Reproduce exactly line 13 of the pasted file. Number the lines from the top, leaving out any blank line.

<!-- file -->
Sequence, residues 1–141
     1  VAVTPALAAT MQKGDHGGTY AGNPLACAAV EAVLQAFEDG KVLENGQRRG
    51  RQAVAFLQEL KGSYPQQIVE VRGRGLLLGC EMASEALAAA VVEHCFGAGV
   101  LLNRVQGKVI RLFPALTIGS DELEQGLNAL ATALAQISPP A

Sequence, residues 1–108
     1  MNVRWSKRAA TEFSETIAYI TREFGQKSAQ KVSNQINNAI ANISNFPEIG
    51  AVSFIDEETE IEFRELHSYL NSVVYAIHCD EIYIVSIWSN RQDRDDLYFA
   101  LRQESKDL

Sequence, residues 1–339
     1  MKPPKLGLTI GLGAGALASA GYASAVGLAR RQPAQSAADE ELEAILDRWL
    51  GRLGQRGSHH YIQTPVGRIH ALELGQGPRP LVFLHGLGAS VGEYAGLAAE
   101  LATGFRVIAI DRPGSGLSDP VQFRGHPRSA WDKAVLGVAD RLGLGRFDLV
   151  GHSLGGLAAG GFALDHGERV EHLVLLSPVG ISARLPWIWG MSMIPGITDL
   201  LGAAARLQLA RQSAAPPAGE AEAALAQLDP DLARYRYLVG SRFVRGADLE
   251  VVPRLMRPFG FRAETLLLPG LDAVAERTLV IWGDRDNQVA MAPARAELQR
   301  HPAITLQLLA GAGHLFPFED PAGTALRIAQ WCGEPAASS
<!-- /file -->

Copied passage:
   151  GHSLGGLAAG GFALDHGERV EHLVLLSPVG ISARLPWIWG MSMIPGITDL